FDA Panel Calls for Greater Restrictions on Hydrocodone

Fran Lowry

January 28, 2013

Drugs containing hydrocodone combined with other analgesics may soon be subject to more stringent prescribing requirements if the US Food and Drug Administration (FDA) accepts the recommendation of its expert panel to reschedule the widely used drug.

The FDA's Drug Safety and Risk Management Advisory Committee voted 19 to 10 in favor of reclassifying hydrocodone-containing compounds from Schedule III drugs under the Controlled Substances Act to Schedule II.

For 2 days, the panel heard impassioned testimony for and against reclassification, with those in favor emphasizing hydrocodone's potential for addiction and abuse, and those against warning that millions of legitimate pain patients would suffer if its availability becomes more limited.

The vote sends a strong message to physicians and the public about the abuse potential of hydrocodone combination products, many of the panel felt. Several mentioned the fact that death rates from hydrocodone combination drug overdoses have tripled during the last 2 decades

"Clearly, the data show the magnitude of the epidemic of misuse, abuse, and diversion of prescription narcotics," said Elaine Morrato, DrPH, from the University of Colorado School of Public Health, in Aurora, in explaining her yes vote.

"For me, the most persuasive argument was that rescheduling is a signal to the public as well as to the medical profession about the abuse potential, and it rights a misperception that hydrocodone combination products are safer options than class IIs when it comes to long-term risk of abuse," Dr. Morrato said.

She added that she was hopeful that "appropriate remedies" would be put in place should the rescheduling be implemented, "so that those who are disadvantaged, such as those who are in rural settings or who may have access problems, aren't disproportionately affected by the change."

Curbing Early Abuse

William Cooper, MD, MPH, professor of pediatrics and preventive medicine at Vanderbilt University School of Medicine, Nashville, Tennessee, also voted yes for similar reasons.

"I too considered the potential impact on patients and providers, and that is an important issue for us to consider as we move forward," Dr. Cooper said. "But there is clear and compelling evidence that there is severe dependence on these medications among those who abuse them."

He added that, as a pediatrician, "I would urge us from the public health perspective to be mindful that much of our data suggest abuse can begin in adolescents and young adults, and we need to think carefully about prevention measures in this age group and do what we can to prevent this scourge."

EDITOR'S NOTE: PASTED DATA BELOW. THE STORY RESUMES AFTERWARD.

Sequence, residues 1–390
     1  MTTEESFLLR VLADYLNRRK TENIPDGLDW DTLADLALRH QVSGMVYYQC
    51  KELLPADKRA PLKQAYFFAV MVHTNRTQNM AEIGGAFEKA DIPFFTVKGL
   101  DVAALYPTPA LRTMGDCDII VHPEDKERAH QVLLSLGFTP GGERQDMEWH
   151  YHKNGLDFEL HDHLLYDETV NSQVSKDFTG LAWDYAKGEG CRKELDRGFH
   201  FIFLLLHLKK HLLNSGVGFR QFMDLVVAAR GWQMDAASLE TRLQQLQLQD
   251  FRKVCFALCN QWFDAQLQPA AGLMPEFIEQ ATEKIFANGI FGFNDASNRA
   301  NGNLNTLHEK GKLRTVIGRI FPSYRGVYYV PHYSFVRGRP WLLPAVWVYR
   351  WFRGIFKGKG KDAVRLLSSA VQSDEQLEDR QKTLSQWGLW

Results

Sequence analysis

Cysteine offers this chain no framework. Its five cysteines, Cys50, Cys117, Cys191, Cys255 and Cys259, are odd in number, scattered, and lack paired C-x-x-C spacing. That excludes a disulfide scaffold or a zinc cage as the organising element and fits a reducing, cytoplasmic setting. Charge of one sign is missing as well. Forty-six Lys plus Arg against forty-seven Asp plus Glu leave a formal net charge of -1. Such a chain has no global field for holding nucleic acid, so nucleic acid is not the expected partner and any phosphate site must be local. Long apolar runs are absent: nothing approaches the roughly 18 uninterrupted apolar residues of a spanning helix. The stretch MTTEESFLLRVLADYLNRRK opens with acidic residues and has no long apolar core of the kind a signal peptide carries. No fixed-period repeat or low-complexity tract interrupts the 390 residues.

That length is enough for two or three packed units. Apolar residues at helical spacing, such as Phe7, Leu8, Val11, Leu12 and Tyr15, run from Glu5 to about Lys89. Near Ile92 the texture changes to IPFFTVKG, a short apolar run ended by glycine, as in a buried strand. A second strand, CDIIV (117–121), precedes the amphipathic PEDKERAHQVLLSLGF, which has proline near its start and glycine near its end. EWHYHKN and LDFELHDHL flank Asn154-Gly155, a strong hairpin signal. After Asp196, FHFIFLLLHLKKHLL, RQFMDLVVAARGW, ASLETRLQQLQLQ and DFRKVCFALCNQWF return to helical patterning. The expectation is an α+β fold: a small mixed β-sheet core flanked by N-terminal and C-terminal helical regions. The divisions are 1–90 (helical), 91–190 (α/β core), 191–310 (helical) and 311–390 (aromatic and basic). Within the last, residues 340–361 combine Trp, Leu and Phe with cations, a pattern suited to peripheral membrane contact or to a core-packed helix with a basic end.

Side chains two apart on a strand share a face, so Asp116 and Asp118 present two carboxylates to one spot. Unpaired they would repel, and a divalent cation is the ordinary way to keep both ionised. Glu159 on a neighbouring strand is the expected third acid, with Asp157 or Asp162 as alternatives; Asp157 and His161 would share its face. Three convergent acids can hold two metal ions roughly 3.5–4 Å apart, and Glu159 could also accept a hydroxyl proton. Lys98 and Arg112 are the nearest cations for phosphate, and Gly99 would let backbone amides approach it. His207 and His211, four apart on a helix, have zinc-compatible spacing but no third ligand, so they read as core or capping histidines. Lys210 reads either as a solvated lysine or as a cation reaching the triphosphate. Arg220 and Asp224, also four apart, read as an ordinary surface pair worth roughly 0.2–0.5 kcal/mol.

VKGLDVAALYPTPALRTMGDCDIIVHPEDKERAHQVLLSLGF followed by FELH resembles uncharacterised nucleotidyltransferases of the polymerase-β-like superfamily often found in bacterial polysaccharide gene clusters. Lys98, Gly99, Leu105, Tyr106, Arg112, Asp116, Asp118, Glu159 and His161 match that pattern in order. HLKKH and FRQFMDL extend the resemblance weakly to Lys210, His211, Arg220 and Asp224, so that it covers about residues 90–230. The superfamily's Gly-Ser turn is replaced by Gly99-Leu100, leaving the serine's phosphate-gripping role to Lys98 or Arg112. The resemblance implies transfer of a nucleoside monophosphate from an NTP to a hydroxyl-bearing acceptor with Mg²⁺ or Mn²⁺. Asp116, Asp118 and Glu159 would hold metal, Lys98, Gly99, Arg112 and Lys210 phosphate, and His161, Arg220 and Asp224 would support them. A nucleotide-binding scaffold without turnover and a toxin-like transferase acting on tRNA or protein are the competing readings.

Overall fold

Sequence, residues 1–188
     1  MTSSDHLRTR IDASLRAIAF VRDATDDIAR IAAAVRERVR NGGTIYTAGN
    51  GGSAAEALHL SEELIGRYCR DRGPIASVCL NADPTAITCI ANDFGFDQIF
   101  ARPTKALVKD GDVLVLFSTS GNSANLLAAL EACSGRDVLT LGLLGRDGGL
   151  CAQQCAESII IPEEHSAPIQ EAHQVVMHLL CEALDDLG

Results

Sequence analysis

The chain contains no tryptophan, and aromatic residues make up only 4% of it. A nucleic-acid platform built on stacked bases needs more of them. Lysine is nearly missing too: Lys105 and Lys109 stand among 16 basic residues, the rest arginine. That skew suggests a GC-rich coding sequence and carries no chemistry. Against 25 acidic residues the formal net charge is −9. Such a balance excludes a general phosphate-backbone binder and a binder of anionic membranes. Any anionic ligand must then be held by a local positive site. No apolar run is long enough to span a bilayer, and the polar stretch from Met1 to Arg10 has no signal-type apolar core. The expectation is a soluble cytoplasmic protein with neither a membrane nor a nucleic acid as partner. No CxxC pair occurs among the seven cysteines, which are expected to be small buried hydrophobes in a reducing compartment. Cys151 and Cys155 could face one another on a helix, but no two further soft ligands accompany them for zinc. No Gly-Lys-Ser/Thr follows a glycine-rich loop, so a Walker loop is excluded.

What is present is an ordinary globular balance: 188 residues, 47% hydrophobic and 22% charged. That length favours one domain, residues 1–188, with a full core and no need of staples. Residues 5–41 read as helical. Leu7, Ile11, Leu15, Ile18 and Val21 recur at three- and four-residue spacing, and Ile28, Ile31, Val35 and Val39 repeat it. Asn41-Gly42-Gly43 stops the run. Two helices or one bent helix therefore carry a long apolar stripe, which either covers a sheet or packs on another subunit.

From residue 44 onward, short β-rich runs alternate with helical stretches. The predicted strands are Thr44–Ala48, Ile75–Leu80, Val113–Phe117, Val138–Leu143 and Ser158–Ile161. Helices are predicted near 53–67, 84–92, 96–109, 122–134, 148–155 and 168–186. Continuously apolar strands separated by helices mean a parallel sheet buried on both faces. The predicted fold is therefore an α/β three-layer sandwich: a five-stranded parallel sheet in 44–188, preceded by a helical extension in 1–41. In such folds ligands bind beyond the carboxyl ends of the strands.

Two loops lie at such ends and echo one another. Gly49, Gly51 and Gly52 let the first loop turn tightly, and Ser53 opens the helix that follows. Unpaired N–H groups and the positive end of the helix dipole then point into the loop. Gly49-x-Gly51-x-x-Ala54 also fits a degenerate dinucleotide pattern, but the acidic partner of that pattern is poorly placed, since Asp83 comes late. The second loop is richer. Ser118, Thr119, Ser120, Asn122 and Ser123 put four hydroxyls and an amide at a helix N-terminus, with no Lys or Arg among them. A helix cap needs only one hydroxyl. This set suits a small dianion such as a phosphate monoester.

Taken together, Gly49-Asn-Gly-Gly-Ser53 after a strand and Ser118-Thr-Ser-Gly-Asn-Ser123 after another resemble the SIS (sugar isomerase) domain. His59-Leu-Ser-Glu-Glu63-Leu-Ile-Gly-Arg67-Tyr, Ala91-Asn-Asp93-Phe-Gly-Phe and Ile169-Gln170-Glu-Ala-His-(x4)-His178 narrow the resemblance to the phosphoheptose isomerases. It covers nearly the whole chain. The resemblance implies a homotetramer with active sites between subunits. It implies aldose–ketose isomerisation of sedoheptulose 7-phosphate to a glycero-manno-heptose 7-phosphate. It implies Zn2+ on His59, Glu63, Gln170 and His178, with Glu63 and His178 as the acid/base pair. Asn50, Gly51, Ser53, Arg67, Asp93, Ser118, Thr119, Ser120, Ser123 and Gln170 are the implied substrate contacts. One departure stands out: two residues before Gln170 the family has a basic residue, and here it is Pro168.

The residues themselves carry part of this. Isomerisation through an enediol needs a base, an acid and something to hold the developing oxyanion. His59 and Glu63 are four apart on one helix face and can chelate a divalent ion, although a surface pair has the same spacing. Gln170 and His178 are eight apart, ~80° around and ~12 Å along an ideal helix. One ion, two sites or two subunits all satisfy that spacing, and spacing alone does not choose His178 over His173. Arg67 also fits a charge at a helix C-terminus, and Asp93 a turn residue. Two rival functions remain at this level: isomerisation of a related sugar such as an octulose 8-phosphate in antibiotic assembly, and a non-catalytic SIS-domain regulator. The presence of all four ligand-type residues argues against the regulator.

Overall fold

Melinda Moore, a physician assistant from Webster, Texas, was against rescheduling because she feared that the burden to patients, especially in rural areas, would be greatly increased.

"The inability to call in prescriptions for the hydrocodone combination was one of my major problems with rescheduling. I felt there were poor data to support the change," she said.

Moore stressed the importance of monitoring drug use and that such monitoring programs should be across state lines and widely used. She also suggested that steps such as electronic prescribing should be in all states for all schedules, including 2 through 5.

Hobson's Choice

Another strong opponent to rescheduling was John Mendelson, MD, from St. Luke's Hospital, San Francisco, California.

"This is a Hobson's choice. There is no good single choice within this vote, which is unfortunate. I believe that the net result will be increased prescribing of other C2 drugs which may have greater abuse liability and actually fuel, rather than reduce, an epidemic in progress," Dr. Mendelson said. "Illicit opiate use will increase with dire consequences."

A final complication that is likely from this vote is that some people will be abruptly withdrawn, he predicted.

"We have already heard from dramatic testimony today exactly how dangerous abrupt opiate withdrawal is with later recrudescence to opiate abuse. At least 2 of the deaths that we heard about today were directly related to those issues."

Center for Drug Evaluation and Research Meeting of the Drug Safety and Risk Management Advisory Committee, Silver Spring, Maryland, January 24-25, 2013.